The best way to support people with living with disability is not make assumptions about what their needs are and who they are. Everyone is different and each of us has our own story and our own access needs. Also support us, whether it be in public when someone has done something ableist towards us, or a place is actively inaccessible or in online settings when people are making negative bigoted comments about us due to their lack of understanding of our needs and challenges. Let us know you care about us and are willing to be our ally. Support us to feel less alone and help reduce the mental burden and labour off us.
Employ us! Employ and support people with disability to have meaningful employment or paid opportunities through their lived experience or other expertise. And ensure your workplaces are accessible, respectful, supportive, and non-judgemental.
You are the definition of a survivor. How do you find your strength and what advice would you give people on days when they feel less powerful or like giving up?
Firstly, thank you! I know I have survived through *a lot* but being labelled a survivor is a really nice acknowledgement and I appreciate that greatly ❤️. I find strength in the activities and people who bring me joy, support and love. I have dealt with so much trauma my entire life, whether it be from moving out of home at 15 due to family violence, being survivor-advocate of intimate partner violence or being severely chronically unwell since birth…often, I have carried on because sometimes there has been no other choice.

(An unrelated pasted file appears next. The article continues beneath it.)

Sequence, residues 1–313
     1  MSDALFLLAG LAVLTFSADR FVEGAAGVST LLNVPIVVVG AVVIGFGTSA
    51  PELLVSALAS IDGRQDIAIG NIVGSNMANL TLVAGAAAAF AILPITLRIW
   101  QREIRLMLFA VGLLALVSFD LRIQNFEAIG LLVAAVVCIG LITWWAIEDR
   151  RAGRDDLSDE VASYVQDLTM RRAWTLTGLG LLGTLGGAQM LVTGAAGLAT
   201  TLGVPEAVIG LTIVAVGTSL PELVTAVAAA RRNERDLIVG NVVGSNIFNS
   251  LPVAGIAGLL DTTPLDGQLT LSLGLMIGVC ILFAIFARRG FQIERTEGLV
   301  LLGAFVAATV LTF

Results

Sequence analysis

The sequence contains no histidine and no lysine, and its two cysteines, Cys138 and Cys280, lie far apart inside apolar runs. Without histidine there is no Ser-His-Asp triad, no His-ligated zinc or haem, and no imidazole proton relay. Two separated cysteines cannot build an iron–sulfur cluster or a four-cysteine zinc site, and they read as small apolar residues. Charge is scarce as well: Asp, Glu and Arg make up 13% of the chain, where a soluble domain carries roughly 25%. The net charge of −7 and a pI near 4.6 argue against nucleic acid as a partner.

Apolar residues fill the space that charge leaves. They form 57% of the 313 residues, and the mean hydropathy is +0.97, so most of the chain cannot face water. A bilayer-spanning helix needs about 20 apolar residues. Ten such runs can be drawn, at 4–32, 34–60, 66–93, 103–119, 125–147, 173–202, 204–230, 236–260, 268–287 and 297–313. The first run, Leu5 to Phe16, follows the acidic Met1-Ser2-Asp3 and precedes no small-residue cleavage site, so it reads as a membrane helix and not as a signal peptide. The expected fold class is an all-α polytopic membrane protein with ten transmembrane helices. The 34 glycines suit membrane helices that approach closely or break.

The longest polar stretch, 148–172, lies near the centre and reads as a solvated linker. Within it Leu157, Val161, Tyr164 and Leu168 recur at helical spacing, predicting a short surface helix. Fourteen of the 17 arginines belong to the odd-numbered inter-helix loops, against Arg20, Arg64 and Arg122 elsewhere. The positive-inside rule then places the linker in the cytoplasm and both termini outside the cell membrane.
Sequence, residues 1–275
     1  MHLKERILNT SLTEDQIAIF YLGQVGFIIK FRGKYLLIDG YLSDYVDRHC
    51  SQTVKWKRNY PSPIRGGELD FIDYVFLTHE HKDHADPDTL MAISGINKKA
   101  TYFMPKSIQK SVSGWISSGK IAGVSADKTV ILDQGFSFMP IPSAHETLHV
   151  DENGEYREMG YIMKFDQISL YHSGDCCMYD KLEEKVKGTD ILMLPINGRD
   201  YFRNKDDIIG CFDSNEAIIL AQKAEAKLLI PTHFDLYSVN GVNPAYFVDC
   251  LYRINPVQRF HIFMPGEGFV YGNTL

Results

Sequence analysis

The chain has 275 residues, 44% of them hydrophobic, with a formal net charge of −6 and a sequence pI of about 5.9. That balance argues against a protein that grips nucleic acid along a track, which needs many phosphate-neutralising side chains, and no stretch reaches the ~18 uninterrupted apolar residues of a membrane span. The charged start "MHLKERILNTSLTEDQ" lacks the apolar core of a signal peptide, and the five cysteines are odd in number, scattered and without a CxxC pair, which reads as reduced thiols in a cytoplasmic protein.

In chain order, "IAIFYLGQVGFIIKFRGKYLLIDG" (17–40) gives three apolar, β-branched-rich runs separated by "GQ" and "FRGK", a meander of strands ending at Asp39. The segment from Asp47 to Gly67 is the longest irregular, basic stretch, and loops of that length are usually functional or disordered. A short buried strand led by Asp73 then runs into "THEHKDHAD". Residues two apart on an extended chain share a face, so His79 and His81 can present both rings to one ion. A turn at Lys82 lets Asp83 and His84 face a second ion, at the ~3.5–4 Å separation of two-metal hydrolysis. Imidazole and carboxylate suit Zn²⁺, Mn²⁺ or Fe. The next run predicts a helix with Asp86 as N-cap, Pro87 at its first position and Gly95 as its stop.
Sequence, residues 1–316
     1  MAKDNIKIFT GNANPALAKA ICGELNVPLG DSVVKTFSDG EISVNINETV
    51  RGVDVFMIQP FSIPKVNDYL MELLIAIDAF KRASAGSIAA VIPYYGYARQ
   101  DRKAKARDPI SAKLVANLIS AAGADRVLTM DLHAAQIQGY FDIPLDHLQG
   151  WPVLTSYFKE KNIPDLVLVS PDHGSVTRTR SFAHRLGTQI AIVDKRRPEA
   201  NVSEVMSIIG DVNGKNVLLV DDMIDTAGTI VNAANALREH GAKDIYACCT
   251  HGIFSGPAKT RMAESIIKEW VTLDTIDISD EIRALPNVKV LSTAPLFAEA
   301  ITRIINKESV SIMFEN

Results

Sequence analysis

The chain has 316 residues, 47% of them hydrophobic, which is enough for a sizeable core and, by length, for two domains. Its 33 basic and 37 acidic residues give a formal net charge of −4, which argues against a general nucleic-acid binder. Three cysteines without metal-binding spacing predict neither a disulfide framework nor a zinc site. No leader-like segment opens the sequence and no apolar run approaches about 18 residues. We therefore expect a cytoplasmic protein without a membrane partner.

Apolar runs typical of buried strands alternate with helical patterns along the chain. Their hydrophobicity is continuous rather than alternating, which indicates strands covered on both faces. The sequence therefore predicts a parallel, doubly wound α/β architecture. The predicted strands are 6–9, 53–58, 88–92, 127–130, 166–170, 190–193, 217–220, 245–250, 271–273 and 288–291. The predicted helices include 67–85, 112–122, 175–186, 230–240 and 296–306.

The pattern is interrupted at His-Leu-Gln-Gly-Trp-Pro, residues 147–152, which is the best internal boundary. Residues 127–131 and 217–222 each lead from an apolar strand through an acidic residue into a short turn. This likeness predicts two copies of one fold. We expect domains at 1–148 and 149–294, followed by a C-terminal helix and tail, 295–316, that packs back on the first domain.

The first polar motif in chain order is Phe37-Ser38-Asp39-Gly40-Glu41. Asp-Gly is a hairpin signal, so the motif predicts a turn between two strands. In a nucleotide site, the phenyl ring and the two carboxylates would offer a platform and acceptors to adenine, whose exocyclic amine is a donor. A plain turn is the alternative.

But my biggest reminder/mantra for myself to keep going and believing in myself is that “this too, shall pass” I remind myself that no matter how painful it is, how sad I am feeling and how hurt I am, that it will eventually pass. Yes, it may take time, but I can get through it. I’ve survived 100% of the times I thought I wouldn’t so far! And I when I do, I can support and help others, I can aim for what I want and need and fight for opportunities I never knew I could have!
I know what it’s like to want to constantly give up, especially when I am really unwell in hospital and struggling while doctors are dismissing me, but I know that there is lots waiting for me on the other side: my doggies (rescue long hair sausage dogs named Ponyo and Jojo!, they are the furry loves of my life), my partner of 10+ years, my hobbies (especially travelling and exploring the world), my friends (especially the ones who have experienced similar things to me) and opportunities that I haven’t even come across/ know exist yet!
What mark do you wish to leave on the world?
Knowing that I made a difference. That people remember me for my kindness, laughter, quirkiness, fierceness, and joy I brought others. That they remember my love for the community and how much I truly wanted to create change, especially to all the marginalised communities I am part of and represent. I want to be remembered as the person who had so many odds against them but lived their life to the fullest, and made the most of it, all while trying to support others/make a difference, no matter how hard or challenging it was!
Want more from Akii? Follow them on Instagram here.
Growing up you struggled with finding role models you could relate to or that represented you – how did that feel?